Some people mistakenly assume that Australian Sign Language is ASL. Nope.
Australian Sign Language is known as Auslan (a portmanteau).
ASL is American Sign Language (an acronym).
These two languages are completely different.
I can’t stress this enough.
Many countries around the world have their own sign language. In Australia, we have Auslan.
Now, just to add some extra interesting and relevant information, Auslan is part of a sign language family called BANZSL.
BANZSL stands for British, Australian, New Zealand Sign Language. If a sign language user of either of these countries travels between Australia, NZ and Britain, they will find that they can understand many, if not most, of the other country’s signs.
The reason for this is because, many years ago, the British came to Australia and NZ and brought/ taught their sign language (British Sign Language). While Australia and NZ sign language has evolved since that time, all three sign languages can mostly be understood even to this day.
On the other hand (no pun intended), when I went to America when I was 20 years old, I met other Deaf people there. I couldn’t understand ONE sign. Not one. (We got by with gesturing and fingerspelling and the like).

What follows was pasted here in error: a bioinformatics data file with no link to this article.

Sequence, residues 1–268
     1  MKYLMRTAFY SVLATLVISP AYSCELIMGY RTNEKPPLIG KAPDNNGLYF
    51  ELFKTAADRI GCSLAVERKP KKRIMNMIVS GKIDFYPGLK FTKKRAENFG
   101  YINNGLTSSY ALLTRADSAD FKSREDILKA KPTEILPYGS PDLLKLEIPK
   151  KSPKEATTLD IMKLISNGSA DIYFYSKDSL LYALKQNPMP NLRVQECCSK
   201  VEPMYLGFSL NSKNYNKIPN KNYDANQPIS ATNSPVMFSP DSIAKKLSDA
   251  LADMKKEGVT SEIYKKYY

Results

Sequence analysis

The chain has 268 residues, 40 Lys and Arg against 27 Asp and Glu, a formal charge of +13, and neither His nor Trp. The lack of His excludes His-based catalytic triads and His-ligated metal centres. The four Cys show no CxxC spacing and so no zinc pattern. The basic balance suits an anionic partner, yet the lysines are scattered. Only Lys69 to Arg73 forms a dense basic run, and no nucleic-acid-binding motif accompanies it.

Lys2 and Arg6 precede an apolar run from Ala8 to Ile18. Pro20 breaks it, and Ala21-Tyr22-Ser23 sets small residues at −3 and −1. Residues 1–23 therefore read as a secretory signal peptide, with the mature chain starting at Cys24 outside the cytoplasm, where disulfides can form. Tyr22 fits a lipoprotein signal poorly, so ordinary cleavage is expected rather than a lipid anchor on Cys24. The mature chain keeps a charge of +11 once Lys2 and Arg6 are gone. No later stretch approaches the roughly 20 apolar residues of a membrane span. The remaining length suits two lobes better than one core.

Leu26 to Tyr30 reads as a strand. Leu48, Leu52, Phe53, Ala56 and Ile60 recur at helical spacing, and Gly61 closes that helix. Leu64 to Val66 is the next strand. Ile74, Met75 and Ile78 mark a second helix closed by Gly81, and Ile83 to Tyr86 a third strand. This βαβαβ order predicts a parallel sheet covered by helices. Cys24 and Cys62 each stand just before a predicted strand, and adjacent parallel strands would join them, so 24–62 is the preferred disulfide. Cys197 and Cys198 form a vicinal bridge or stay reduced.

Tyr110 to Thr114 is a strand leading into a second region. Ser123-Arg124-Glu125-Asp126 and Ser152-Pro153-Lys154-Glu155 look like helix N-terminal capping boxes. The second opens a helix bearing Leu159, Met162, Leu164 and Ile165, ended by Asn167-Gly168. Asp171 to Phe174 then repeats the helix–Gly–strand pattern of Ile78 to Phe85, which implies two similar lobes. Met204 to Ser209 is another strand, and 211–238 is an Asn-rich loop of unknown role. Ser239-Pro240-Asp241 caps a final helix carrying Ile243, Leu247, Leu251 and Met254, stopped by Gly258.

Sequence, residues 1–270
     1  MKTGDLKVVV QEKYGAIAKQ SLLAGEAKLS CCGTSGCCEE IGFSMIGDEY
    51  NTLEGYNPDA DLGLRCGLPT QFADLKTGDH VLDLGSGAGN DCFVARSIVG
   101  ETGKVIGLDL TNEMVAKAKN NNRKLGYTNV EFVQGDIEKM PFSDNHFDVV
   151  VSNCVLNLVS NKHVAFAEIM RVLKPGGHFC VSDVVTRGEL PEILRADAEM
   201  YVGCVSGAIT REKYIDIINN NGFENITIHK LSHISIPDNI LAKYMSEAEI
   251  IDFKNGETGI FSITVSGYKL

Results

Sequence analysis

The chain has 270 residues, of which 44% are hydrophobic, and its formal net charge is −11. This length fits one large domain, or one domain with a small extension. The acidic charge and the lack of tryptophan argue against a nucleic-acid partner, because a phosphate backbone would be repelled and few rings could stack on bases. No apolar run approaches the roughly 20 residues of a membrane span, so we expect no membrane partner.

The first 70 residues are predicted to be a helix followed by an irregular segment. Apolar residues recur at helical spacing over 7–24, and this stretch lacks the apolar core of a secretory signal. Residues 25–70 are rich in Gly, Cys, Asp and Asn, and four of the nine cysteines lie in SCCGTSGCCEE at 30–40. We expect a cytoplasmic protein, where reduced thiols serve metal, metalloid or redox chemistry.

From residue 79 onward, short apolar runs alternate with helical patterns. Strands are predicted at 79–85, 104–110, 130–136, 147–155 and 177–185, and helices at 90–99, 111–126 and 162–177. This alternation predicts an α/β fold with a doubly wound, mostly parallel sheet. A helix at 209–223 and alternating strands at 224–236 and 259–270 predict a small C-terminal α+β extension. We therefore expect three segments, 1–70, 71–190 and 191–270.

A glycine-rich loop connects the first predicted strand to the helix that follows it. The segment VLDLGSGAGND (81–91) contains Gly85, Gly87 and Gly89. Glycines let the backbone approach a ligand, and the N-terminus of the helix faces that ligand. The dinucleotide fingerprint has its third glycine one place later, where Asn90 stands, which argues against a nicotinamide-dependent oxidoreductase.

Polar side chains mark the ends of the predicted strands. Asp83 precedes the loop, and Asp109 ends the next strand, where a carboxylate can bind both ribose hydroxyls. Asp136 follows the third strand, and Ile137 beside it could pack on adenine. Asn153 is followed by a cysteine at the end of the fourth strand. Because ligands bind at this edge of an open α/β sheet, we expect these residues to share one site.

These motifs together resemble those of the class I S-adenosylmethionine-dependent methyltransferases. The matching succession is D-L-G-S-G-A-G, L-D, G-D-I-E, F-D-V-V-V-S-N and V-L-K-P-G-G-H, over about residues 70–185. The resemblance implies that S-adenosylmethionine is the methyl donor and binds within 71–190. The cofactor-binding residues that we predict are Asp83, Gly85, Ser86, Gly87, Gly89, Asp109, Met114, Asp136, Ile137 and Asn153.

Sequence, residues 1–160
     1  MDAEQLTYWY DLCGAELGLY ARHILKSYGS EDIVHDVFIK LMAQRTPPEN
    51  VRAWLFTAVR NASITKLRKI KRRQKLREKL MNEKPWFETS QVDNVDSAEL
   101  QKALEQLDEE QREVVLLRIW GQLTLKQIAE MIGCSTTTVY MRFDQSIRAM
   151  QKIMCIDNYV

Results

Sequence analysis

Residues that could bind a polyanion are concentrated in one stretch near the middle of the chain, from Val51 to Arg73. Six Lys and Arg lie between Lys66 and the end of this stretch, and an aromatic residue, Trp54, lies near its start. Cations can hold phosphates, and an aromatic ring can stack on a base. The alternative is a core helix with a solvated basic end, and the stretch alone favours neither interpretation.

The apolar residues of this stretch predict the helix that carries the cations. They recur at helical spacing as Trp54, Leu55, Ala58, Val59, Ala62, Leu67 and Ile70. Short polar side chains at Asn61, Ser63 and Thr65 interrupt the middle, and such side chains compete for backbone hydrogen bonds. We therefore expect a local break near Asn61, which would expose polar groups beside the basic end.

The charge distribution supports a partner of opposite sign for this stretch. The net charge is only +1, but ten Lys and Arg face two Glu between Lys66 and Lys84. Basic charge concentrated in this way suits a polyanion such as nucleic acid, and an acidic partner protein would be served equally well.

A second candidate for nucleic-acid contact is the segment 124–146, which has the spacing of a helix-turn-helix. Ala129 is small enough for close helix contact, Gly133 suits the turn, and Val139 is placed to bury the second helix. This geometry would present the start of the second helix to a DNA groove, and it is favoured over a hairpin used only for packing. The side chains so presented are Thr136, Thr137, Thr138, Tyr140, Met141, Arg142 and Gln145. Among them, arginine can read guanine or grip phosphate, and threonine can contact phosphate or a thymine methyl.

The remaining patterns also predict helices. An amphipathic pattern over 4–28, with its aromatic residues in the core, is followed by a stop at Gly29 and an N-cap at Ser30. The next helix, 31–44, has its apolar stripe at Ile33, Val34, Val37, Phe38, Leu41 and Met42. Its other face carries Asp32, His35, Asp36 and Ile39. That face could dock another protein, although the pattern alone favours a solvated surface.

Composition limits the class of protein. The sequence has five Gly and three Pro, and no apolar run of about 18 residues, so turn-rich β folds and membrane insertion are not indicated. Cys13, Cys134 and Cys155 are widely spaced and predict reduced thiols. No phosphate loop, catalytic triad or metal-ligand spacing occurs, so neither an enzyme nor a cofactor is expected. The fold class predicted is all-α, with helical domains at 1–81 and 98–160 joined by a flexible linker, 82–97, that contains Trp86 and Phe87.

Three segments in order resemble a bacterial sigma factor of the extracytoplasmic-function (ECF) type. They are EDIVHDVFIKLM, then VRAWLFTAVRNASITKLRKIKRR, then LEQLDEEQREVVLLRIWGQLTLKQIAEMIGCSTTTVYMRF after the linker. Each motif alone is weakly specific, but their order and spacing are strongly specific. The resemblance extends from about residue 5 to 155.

ASL’s signs hails from France. At a fundamental level, Auslan and ASL are different and it starts at fingerspelling. Auslan uses two hands, ASL uses one hand. There is very little commonality between Auslan and ASL. (When googling or YouTubing, always be mindful to look for/type in Auslan, not ASL). Even though these two countries – Australia and America speak English, it’s prudent to not assume that their sign languages will be similar too.
As a Deaf person who has used, loved, and continued to learn Auslan throughout my life, it was when I started studying the Diploma of Auslan (Deaf cohort 2018) that I was awestruck by how beautifully complex Auslan is.